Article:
Recently Martin Rennie spoke to a passionate group of coaches about fixing Canadian soccer. The topics varied from creating a professional league to coach education standards. Each subject had its own points and each has its own set of hurdles to actually achieve.
What struck me wasn’t the fact that there was a problem people were beginning to talk about but that for so long we have continued to do the same things expecting we will get improved results.
Evidence of success starting to take shape are coming in little drips; things like the Whitecaps throwing some very promising Canadians into the professional fray last night, Ontario and B.C. wading into High performance Youth Leagues [OPDL & HPL], television showing more and more soccer to inspire our youth, and of course our country having cities with professional franchises that our kids can attend and watch in person. These are all great signs of a future for soccer in North America. Like it or hate it, MLS has helped shape a landscape for soccer to leap off of and actually make a big difference at the ground level.
If we really want to create a groundswell of true player development we need to start taking advantage of this opportunity. We need to get out of the way, stop trying to own the pathways, stop trying to decide how soccer should be and let passionate people on the ground show us the way.
We need to leap into the unknown.
Why are we scared to let people start their own businesses, work within the game, provide competition? What do we have to lose? As far as I can tell, and based on our rankings, it seems absolutely nothing. [But you tell me…drop us a comment if you think differently.]
Should we govern the game? Keep it at a standard? Yes. Just like a business can be kept in check by basic laws that govern our nation. Should we dictate how people play, train, or develop the game? I don’t think so. It actually seems like harder work to monitor people and rule people than to allow them to be creative, passionate and perhaps show us the way. The best businesses are crowdsourcing and outsourcing to increase ideas, access, transparency and bottom line results. Why wouldn’t soccer? The best concepts always rise to the top.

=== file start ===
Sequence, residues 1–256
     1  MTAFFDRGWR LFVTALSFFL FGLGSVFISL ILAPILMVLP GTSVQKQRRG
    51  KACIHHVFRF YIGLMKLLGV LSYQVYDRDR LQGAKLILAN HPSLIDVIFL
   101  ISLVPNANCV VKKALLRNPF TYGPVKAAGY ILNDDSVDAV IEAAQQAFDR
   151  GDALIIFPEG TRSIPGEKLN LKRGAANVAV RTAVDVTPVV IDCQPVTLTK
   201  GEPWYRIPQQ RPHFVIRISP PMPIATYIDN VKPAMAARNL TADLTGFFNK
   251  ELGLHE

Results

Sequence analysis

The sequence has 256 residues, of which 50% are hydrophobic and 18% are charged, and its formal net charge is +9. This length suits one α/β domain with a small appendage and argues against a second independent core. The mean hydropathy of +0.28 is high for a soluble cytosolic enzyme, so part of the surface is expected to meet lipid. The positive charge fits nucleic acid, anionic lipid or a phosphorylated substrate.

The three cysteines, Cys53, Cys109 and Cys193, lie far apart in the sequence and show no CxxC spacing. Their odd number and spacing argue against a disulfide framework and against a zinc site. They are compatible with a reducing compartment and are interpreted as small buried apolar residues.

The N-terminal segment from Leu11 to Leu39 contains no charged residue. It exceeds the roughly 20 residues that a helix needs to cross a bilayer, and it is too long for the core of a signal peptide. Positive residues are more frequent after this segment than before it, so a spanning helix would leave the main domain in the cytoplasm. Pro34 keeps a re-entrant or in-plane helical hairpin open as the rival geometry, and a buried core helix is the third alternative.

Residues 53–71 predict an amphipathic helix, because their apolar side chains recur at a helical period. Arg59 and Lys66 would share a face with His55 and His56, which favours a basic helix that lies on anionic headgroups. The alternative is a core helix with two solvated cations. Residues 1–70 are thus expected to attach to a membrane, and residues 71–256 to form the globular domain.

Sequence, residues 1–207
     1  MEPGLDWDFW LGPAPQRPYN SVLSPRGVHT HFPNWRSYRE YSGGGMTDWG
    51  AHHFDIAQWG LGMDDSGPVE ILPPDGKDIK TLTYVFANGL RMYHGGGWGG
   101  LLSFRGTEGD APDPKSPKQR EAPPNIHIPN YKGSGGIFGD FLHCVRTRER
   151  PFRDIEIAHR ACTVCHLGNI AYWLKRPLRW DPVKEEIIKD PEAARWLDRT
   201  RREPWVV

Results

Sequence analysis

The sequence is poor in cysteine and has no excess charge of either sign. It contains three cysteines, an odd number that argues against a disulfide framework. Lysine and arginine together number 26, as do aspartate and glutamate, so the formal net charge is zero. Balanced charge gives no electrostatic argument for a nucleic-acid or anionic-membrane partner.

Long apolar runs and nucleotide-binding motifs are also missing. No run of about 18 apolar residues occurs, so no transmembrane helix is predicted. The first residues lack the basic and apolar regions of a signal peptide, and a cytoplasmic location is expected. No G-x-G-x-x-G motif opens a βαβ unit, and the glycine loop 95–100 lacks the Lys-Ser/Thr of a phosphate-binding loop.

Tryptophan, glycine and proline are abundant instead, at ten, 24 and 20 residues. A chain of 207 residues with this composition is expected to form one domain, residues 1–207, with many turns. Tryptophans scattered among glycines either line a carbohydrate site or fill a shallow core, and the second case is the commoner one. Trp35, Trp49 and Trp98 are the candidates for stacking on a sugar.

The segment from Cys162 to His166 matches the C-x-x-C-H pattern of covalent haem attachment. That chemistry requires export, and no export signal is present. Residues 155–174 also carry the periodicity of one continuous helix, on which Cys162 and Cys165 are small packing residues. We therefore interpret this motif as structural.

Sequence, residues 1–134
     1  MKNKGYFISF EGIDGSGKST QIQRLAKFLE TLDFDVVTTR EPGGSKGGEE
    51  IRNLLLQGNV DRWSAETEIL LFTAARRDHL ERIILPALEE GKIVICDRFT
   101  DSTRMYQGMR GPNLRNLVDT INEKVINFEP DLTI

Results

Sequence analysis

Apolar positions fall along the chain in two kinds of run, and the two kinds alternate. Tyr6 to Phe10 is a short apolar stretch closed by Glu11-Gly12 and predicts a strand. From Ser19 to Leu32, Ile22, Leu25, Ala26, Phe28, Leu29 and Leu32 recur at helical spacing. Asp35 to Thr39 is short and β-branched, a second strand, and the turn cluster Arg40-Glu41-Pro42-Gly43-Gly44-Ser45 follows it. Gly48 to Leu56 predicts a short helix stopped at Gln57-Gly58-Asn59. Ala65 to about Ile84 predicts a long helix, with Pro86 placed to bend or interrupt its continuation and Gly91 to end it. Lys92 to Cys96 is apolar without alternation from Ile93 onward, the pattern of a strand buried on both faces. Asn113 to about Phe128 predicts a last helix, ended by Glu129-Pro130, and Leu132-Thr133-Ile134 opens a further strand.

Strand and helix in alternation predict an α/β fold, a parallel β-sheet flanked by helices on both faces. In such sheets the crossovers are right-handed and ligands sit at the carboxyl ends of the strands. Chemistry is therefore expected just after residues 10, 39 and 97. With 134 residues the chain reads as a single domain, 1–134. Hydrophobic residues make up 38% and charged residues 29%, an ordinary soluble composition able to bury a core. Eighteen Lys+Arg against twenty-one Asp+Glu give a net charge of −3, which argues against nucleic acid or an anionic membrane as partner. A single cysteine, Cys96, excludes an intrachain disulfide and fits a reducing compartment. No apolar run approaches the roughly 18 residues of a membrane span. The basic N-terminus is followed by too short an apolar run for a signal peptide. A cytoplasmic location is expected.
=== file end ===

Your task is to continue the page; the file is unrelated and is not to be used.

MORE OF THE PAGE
Whatever people think, our current process is not working and people that want to help can’t.
We need to embrace change and then work towards a better future. It will be hard work and there will be bumps but it will be worth it. Everybody can have a voice. At this stage, everybody should have a voice and be able to add their energy to help fix this game.
Our kids are relying on us to fix sports.
p.s. Our primary game at Play Better is 5yr – 12yr old player development. Here’s a look at what we think a new a fresh approach can bring. It has been called distinctly Canadian…I like that.